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Author: Diaz, Alexandra
Jaime, twelve, and Angela, fifteen, discover what it means to be living as undocumented immigrants in the United States, while news from home gets increasingly worse.
Kirkus Reviews (07/01/18)
School Library Journal (07/01/18)
The Bulletin of the Center for Children's Books (00/09/18)
Full Text Reviews:
Booklist - 06/01/2018 A week after fleeing a dangerous gang in Guatemala and arriving in the U.S. to live with his brother, Tomás, Jaime and his cousin Ángela are starting a new school with a completely new language. While Ángela has no trouble fitting in, Jaime finds his only friends are a quiet boy named Sean, who sits with him on the bus, and Don Vicente, the old cowboy who tends to the ranch. As Jaime struggles to deal with prejudiced classmates and news of his abuela in danger back in Guatemala, he leans heavily on Vicente. But when the rancher is detained, Jaime relies on the help of Sean, who teaches him sign language, and works on expressing the thoughts he can’t quite say out loud though his art. Fans of Diaz’s The Only Road (2016) will appreciate seeing some familiar characters as well a new set of kind and complex characters. Diaz paints an insightful, realistic picture of a place that’s filled with opportunity but simultaneously rife with discrimination, which is especially important reading for today’s children. - Copyright 2018 Booklist.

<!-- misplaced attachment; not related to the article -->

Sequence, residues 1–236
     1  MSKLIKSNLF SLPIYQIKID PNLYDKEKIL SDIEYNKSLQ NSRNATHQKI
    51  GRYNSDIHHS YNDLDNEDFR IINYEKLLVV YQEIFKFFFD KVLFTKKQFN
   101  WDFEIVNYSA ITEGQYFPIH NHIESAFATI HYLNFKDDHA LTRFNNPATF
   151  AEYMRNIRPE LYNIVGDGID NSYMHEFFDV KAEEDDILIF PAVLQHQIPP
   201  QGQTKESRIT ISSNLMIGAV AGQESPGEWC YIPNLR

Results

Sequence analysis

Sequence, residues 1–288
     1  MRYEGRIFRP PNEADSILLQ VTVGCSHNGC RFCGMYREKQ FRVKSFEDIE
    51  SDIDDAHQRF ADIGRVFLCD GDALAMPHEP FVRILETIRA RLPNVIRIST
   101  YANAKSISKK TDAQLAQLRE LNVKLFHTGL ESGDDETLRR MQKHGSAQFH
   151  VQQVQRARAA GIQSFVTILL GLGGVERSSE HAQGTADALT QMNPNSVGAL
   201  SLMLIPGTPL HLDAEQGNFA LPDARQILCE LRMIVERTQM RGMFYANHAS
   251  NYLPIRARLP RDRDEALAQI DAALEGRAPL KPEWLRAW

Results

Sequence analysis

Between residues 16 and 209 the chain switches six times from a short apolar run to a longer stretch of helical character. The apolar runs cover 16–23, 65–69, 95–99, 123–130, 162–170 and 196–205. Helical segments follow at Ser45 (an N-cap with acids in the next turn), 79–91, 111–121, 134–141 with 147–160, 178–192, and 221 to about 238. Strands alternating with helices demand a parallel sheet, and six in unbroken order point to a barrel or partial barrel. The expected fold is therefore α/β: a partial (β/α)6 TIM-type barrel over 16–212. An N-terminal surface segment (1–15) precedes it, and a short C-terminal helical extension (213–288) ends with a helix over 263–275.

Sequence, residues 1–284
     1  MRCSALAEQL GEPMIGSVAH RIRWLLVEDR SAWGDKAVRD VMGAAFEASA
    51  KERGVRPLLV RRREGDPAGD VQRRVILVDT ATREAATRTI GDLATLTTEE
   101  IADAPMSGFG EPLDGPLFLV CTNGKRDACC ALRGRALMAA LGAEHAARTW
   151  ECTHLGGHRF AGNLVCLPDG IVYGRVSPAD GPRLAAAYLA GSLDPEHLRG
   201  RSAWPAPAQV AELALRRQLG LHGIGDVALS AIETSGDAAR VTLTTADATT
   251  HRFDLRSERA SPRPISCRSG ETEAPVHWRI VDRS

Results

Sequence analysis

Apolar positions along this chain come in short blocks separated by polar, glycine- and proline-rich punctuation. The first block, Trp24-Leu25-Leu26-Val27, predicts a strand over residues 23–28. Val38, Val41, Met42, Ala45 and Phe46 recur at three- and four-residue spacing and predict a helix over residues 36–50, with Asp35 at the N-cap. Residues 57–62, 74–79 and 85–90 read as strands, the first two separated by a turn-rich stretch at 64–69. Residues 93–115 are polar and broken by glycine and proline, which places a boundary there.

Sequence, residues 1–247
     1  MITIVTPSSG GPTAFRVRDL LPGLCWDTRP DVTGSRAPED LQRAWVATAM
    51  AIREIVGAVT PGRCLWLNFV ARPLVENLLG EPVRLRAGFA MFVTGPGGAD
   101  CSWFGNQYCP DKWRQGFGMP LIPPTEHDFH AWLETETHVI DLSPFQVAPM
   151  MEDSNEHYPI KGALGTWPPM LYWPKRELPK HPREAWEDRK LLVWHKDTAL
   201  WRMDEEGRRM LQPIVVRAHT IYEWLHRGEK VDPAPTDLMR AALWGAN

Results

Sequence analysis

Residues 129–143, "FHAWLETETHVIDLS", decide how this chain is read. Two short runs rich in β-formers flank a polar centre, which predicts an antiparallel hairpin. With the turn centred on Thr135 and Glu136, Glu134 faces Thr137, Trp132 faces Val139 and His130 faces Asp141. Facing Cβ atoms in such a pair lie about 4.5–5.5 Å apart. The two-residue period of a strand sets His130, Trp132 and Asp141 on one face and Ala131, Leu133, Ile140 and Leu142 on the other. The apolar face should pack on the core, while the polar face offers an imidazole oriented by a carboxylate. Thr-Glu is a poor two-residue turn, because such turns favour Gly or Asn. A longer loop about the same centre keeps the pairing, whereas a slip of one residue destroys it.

School Library Journal - 07/01/2018 Gr 6–9—This sequel to The Only Road sees the internal border crossings of Jaime and his cousin Ángela as they start new schools and begin to recover from their arduous journey to the U.S. An isolated ranch where Jaime's older brother works is the setting for the teens' emotional roller coaster of guilt, loneliness, loss, and fear. Tensions peak when Jaime learns that the gang they fled retaliated by attacking their beloved Abuela, who eventually dies, and when the grandfatherly ranch manager, Don Vincente, is detained after 60 years in the U.S. Jaime succumbs to the pressure and punches a school bully, which does little to lessen his grief, the constant dread of being deported, and the embarrassment of being the new English-language learner bound by strict no-Spanish rules. As Jaime continues to draw in order to document and remember his past, he discovers this work is also helpful in building new friendships and providing evidence for Don Vincente's deportation hearing. Jaime's first-person perspective gives fairly didactic explanations for those unaware of the various struggles immigrants endure and will resonant with those living that experience. An author's note regarding references to Navajo people and beliefs would be a welcome addition to future publications of this text. VERDICT Fans of The Only Road will appreciate following Jaime and Ángela on the next phase of their lives, while teachers and librarians may find the text useful to counter unsubstantiated myths about Central Americans fleeing to the U.S.—Ruth Quiroa, National Louis University, Lisle, IL - Copyright 2018 Publishers Weekly, Library Journal and/or School Library Journal used with permission.